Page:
Suga withdraws from party vote and paves the way for a new Japan PM

Prime Minister Yoshihide Sug said Friday that he will not run for the leadership of the ruling party at the end this month. This opens the door for a new Japanese leader, after only one year in office.

Suga withdraws from party vote and paves the way for a new Japan PM

Suga stated to reporters that he originally intended to run for the Liberal Democratic Party's leadership position in the September 29 election. However, he found it difficult to balance his efforts between leading the response to the pandemic in Japan and running for the LDP job.

Suga stated that he had decided not to run for party leadership elections as he would rather focus on coronavirus mitigation.

Suga was criticised for his slow response to the coronavirus and for staging the Olympics despite public health concerns. He said that he had put his all into important policies, including the virus response, since he was elected.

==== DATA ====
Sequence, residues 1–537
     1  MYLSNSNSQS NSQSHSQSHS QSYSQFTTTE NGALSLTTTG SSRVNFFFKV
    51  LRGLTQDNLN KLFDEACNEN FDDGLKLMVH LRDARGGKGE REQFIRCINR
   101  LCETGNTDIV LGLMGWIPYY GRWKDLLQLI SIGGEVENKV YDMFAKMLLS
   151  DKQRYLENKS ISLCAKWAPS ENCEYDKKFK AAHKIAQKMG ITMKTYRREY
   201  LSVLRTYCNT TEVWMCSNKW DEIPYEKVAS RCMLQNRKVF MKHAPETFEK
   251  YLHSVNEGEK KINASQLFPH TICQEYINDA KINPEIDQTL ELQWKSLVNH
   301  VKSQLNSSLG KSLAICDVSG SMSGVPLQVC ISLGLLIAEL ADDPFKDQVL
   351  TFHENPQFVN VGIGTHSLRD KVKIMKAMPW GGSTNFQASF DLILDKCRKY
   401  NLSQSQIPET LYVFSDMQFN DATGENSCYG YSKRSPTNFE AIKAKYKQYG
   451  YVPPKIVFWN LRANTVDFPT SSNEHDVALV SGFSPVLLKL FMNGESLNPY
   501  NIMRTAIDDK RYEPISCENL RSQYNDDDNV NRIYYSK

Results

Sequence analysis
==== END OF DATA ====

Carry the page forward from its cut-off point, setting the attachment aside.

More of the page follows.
He said, "But doing both takes immense energy and I have decided to just choose one." "As I've repeatedly stated to people, protecting lives and health of people is my prime minister's responsibility, and that's where I'll dedicate myself."

LDP holds the majority in Parliament. This means that the new leader of the government will likely be the LDP leader. September 17th is the official start of campaign.

The move of Suga is seen largely as a political one to ensure that the LDP has a new leader before any national elections later in the year. Elections for the new Parliament must take place by November. The term in the lower house ends in October.

After Shinzo Abe, his predecessor, resigned over health issues, Shinzo Suga was elected to office in September of last year.

Suga, the son a strawberry farmer in Japan's northern prefecture, Akita, received support ratings of up to 70% during his tenure. This was because he was a leader of the common people and not from blue-blood political families such as Abe.

Suga introduced a number of practical measures, including administrative reforms and digital transformation. However, his support ratings dropped quickly because his virus measures were perceived as too slow or too small to stop growing epidemics. According to the most recent media surveys, his support ratings are now at 26%.

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